During the first fifteen years of the reign of Alexander Pavlovich there were hostilities almost without interruption. Confrontation with Napoleon involved Russia in the wars with Sweden, Turkey and Persia. As the result of the wars the corresponding peace treaties were signed. But the conflict with France was not exhausted, so in June 1812 the Patriotic War began. The Emperor of Russia took an active part in it. According to the book of Sofia Makarova "Alexander I Blessed” written in 1873: "The Emperor himself was at our army, and saw that the soldiers would not exhaust themselves during the maneuvers, that there was enough food and that everybody had his full serving of food." The same book describes the bravery of the monarch, manifested during fierce fighting: "The Emperor Alexander was under enemy fire, exposed to great danger. Grenades around him struck both horses and humans, but Alexander did not leave the battlefield."
Descriptions of the military exploits of Alexander I can also be found in the 1827 rare edition, "Selected features of memorable sayings and anecdotes of the august Emperor Alexander I, the peacemaker of Europe": "All plans for military actions in 1813 and 1814 belong to the Emperor Alexander I, though his modesty was hiding it; but he was not only a skilled and experienced commander; his fearlessness on the battlefield was witnessed by his soldiers whom he encouraged with his own example, filling them up with new courage."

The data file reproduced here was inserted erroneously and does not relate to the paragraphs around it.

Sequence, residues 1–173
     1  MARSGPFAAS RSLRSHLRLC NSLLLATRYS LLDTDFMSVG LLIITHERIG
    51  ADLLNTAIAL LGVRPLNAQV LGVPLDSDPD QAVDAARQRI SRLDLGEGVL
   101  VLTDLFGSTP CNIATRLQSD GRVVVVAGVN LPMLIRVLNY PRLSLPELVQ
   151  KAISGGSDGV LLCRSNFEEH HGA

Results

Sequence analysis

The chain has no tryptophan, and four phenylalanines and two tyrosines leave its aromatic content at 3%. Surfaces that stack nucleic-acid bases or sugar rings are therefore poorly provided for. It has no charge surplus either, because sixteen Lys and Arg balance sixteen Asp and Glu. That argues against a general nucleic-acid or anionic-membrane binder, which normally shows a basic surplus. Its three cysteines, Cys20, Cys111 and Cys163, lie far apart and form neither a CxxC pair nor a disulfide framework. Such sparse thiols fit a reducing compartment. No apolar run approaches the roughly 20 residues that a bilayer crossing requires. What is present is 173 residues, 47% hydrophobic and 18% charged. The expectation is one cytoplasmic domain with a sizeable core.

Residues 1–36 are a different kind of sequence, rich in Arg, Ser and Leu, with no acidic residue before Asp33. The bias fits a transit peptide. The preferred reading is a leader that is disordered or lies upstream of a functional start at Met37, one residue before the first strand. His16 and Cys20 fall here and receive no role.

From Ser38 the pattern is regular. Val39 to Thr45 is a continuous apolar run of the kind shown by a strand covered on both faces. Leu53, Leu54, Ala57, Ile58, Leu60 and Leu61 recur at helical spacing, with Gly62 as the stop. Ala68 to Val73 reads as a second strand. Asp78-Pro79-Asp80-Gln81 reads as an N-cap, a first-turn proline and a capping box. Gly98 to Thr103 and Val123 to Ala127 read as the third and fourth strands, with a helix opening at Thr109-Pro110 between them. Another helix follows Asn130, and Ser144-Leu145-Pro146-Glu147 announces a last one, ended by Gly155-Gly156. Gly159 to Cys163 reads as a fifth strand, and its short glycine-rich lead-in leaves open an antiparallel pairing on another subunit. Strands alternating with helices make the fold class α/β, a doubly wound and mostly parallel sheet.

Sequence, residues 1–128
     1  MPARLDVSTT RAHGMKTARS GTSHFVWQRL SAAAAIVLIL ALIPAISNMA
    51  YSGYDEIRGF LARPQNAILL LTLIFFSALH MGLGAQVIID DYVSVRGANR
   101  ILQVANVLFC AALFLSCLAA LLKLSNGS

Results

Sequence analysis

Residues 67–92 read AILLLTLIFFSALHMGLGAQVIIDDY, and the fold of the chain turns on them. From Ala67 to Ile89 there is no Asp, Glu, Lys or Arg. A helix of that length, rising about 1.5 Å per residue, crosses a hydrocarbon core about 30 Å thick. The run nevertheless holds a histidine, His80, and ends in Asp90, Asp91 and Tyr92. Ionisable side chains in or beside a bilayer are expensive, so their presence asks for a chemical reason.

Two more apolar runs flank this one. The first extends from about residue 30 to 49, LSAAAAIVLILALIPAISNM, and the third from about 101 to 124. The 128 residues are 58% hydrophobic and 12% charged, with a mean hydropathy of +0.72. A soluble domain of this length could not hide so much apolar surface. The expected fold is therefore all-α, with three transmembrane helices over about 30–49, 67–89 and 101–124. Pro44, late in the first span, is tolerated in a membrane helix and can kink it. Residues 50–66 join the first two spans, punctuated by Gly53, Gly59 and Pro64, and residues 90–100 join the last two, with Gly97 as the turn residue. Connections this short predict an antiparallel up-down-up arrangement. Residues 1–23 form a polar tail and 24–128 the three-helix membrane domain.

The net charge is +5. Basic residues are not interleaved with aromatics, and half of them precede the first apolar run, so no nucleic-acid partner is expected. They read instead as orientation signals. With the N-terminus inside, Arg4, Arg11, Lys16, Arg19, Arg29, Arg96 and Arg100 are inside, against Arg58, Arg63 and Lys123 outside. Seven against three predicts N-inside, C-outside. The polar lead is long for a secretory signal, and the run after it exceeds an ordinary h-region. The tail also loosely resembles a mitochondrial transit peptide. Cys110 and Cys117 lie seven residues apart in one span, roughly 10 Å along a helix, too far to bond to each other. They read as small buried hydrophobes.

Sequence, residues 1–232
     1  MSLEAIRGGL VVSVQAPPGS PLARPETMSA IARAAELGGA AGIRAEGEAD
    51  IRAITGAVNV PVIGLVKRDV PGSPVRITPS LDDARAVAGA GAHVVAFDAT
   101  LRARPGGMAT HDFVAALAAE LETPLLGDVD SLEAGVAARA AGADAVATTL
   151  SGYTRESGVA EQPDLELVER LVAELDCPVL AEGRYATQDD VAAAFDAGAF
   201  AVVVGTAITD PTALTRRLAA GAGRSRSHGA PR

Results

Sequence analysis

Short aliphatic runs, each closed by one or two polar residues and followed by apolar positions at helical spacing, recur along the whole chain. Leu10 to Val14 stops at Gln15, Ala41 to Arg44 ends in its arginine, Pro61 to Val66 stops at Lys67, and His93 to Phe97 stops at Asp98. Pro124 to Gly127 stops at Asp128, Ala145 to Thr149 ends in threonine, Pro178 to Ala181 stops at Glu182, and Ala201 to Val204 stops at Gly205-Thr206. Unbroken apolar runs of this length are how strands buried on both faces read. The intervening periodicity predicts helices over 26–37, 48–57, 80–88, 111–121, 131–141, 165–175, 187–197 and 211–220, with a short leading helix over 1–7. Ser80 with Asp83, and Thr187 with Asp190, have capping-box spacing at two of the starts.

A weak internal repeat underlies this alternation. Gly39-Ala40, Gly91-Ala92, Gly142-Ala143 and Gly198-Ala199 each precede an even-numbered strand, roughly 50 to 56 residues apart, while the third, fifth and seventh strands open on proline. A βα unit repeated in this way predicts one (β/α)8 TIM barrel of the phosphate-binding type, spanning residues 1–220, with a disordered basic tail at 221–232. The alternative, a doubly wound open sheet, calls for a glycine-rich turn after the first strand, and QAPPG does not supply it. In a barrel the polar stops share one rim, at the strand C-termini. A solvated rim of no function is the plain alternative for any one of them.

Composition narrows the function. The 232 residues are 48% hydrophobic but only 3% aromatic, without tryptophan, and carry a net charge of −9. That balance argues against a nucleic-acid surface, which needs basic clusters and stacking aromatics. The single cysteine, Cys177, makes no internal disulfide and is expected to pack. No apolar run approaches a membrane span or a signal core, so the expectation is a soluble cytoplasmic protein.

The war with Napoleon was completed in 1815 with the capture of Paris. After the expulsion of the French from Russia, the Emperor Alexander I decided to continue the war in order to free the whole Europe from the yoke of Napoleon. According to the book of Nicholas Duchinsky, "The blessed tsar. Emperor Alexander I»:« He dearly loved his people. But he could not remain indifferent to see misery, suffering, injustice, which fell to the share of other nations either." Europe was liberated. Russia and Europe praised their deliverer. And since then Alexander I was called the Blessed. In September 1815, Alexander I initiated the establishment of the Holy Alliance - a prototype of international organizations, which was a kind of guarantor that the resolutions of the Congress of Vienna were observed.
At the same time Alexander I had an uneasy relationship with Alexander Pushkin. Welcoming the reign of the emperor, the poet wrote: "Great start of Alexander’s days..." But after a while other lines appeared, sarcastic and satirical, “A weak and wicked lord, bald dandy, the enemy of labor..." The emperor was also secretly depicted by Pushkin in "The Queen of Spades" in the guise of a lieutenant, Duke Paul Alexandrovich of Tomsk. For such a frank voluntary statements Alexander Pushkin was repeatedly sent into exile by the emperor.
The Emperor died in 1825 in Taganrog during a trip around Russia and was buried in the family vault of the Romanov dynasty - the Peter and Paul Cathedral in St. Petersburg.
© Yeltsin Presidential Library. 23 December, 2014